Boréas unveils NexusTouch haptic/force-sensing platform
EP&T MagazineElectronics haptics
Lets UI/UX designers transform smartphone edges for mobile gaming, DSLR camera-like effects
Boréas Technologies has introduced NexusTouch, an integrated piezo haptic, gesture-detection and force-sensing platform that lets user interface (UI) and user experience (UX) designers create realistic, satisfying, and more personalized touch experiences on previously inaccessible real estate—the edges of Android smartphones.
“NexusTouch turns the phone’s edges into customizable interactive zones, allowing UI/UX designers to craft context-sensitive haptic effects where a button might feel like a trigger in a mobile gaming environment, a heartbeat on a health-tracking app, or a click that’s as reassuring as the shutter click of a DSLR camera,” said Simon Chaput, founder & CEO, Boréas Technologies. “NexusTouch also delivers a new level of gesture detection through force-sensing and advanced algorithms, allowing users to swipe, tap or fling on the side of the device to activate a particular function. And because it uses piezo haptics—a newer high-performing technology—it only vibrates the area under the user’s finger to enhance the touch experience, unlike legacy technologies that vibrate the entire phone.”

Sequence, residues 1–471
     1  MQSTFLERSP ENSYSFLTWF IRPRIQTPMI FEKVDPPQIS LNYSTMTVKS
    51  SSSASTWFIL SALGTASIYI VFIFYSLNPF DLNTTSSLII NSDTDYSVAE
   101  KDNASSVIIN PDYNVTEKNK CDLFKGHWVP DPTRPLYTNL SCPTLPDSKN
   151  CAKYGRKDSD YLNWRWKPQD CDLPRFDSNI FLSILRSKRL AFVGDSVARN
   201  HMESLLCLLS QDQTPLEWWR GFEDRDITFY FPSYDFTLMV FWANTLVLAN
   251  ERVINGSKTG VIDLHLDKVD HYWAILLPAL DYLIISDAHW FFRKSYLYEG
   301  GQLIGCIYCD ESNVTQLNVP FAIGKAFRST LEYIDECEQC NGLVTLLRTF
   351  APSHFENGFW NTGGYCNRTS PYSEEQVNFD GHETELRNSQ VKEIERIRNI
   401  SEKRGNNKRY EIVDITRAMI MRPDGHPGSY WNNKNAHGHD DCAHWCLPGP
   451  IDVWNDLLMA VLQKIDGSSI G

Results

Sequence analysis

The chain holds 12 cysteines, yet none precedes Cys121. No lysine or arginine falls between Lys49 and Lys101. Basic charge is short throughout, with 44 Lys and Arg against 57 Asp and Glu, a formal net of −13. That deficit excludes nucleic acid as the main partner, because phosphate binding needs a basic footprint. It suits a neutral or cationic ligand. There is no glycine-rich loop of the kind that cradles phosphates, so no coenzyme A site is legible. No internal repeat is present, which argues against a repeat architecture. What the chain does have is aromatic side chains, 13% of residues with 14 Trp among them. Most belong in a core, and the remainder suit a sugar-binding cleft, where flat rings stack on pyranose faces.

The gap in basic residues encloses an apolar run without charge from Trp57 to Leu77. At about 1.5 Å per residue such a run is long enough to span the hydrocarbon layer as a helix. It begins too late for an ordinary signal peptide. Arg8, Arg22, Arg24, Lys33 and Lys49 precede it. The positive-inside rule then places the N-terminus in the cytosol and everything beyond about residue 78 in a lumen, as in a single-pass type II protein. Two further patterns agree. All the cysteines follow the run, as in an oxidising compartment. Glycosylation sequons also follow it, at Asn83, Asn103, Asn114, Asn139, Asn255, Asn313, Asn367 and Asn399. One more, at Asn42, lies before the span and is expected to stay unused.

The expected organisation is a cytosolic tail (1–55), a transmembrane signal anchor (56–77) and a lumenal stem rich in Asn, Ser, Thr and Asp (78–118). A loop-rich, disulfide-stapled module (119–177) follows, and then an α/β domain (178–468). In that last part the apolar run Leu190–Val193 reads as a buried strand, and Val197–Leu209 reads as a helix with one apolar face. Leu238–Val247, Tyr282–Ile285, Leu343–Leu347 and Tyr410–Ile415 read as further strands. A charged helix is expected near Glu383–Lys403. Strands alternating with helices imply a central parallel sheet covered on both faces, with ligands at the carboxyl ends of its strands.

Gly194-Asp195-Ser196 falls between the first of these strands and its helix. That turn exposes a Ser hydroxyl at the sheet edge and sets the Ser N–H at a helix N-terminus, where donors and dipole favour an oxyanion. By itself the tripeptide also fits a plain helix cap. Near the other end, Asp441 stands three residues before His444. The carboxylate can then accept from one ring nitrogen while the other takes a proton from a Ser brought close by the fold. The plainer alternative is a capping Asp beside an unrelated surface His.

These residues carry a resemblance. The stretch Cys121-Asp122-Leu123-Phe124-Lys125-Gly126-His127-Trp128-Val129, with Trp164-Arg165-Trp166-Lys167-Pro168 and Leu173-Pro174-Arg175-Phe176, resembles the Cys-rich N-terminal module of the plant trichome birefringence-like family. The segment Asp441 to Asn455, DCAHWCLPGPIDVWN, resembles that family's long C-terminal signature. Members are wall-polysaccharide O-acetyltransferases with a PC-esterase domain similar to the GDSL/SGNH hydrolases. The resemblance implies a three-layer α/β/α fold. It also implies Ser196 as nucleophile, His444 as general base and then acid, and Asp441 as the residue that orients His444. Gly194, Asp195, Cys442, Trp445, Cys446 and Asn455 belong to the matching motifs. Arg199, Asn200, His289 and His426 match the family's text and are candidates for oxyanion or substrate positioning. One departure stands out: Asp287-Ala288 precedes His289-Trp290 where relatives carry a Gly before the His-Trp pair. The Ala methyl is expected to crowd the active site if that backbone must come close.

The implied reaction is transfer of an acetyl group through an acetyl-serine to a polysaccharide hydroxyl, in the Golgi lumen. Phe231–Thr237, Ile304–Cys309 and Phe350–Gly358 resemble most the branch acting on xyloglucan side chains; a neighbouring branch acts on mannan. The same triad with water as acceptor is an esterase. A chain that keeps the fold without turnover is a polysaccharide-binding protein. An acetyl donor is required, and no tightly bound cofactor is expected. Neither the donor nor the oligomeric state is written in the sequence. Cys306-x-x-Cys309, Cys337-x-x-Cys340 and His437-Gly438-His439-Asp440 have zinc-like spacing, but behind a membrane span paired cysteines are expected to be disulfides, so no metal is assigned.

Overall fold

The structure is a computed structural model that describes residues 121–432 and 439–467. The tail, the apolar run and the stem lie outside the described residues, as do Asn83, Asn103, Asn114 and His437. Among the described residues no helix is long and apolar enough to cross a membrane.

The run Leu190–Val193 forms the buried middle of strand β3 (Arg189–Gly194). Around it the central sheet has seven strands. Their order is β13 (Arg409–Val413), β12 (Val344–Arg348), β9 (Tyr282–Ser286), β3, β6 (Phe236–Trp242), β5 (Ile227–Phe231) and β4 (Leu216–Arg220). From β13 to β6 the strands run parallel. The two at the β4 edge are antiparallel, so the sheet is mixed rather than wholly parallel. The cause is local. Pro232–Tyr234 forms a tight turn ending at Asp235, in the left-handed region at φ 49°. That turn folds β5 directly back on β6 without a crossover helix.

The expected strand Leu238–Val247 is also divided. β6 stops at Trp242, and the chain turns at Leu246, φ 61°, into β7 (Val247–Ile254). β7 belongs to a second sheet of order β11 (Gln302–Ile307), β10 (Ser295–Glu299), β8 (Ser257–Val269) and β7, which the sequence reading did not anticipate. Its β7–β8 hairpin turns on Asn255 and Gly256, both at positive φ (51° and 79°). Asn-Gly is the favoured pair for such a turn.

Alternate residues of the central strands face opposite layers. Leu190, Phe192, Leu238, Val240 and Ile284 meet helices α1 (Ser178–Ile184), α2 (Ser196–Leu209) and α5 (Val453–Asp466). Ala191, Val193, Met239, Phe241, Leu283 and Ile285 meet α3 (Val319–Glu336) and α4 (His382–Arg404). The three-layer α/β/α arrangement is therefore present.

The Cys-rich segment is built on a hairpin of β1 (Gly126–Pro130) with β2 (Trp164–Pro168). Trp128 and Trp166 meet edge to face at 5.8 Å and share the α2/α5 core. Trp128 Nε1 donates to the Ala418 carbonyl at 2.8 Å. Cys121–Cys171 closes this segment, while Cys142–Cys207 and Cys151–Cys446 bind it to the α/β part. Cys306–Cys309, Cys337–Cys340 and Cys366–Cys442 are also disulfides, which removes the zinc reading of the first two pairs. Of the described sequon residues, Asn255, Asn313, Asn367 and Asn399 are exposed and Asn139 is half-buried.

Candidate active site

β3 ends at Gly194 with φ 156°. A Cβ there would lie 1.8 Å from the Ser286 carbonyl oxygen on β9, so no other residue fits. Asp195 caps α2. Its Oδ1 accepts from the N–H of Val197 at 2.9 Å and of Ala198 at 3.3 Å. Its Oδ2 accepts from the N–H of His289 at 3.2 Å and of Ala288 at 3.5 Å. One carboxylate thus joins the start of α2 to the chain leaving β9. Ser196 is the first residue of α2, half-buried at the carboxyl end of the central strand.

Evolution of touch technology
UI/UX designers have long faced constraints in advancing touch user interfaces in smartphones because the underlying technologies are so limited. While still the dominant touch technology, capacitive doesn’t support localized haptics or force-sensing, offering a rudimentary touch experience. Though it’s newer, ultrasonic technology provides gesture detection and force-sensing, but it doesn’t offer the localized feedback users also crave. NexusTouch, in contrast, supports localized haptic effects across the phone’s entire edges—as well as force-sensing—giving OEM and app designers a comprehensive human machine interface (HMI) solution for customizing user experiences by phone or by app.
“NexusTouch celebrates our emotional connection to our phones, empowering designers to create more personalized user experiences on the same piece of hardware,” said Chaput. “Game mode, for example, will feel different from camera mode, thus providing an accurate and immersive experience to the user who’s playing a favorite mobile game or trying to capture an important life moment on camera.”